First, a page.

Wasatch Elementary, just north of Kwanis Park, was overrun with citizens trying to participate in this year’s caucus.
Essentially every room was filled with citizens of all voting ages, voting to elect different postitions for their particular precincts. Provo’s seventh precinct was to hold their caucus in a regular size classroom. It was evident that this would be impossible when 50 people were still waiting to get in and the room was already filled to standing room only. Eventually the proceedings moved outside, to the relief of everyone.
The first order of business, after reading the rules and procedures, was to elect a precinct chair. One nominee was Stephen Hales, an older gentleman with considerable political experience and contact. The other was 21-year-old Ryan Johns, fresh off his mission with some high political goals. Johns founded and heads the Liberty club on BYU’s campus.
The two candidates took questions and defended themselves on the spot. Hales spoke in support of Orrin Hatch, while Johns claimed that Hatch was a career politician who needed replacing.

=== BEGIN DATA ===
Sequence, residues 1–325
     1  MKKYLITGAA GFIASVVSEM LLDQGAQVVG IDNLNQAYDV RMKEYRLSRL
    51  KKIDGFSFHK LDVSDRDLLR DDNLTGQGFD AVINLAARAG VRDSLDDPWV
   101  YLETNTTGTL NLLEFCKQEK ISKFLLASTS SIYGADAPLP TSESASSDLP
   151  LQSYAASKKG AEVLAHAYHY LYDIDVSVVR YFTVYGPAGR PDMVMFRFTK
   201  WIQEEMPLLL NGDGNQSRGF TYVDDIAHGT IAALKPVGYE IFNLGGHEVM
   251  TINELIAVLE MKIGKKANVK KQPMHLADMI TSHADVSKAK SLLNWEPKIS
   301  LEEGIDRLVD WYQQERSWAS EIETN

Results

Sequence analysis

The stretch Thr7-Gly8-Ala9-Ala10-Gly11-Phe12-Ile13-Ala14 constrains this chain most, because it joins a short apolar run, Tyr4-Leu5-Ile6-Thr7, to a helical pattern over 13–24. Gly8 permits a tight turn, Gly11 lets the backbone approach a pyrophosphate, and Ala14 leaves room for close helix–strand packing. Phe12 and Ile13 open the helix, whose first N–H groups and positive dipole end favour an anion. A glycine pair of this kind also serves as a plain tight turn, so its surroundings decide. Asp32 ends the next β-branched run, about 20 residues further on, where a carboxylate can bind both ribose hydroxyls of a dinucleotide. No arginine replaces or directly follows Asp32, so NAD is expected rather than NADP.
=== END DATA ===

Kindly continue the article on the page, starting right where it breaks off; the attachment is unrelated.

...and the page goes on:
In the end, Hales won in a landslide, despite the large number of students present. Provo’s seventh precinct lies just south of BYU campus, and consists mostly of student housing. Before the results were announced, Johns explained why he thought he should be voted in.
“Our main constituency is students,” he said. “I as a student, have the strongest voice and reflect the desires of the people living here, perhaps more than an older person.”
Janessa Baird was there to participate in her first ever caucus.
“I came because its my civic duty, and I wanted to learn how caucuses work,” she said.
Another contributor to high turnout might have been the letter from the First Presidency of the LDS Church, urging members to attend their caucus.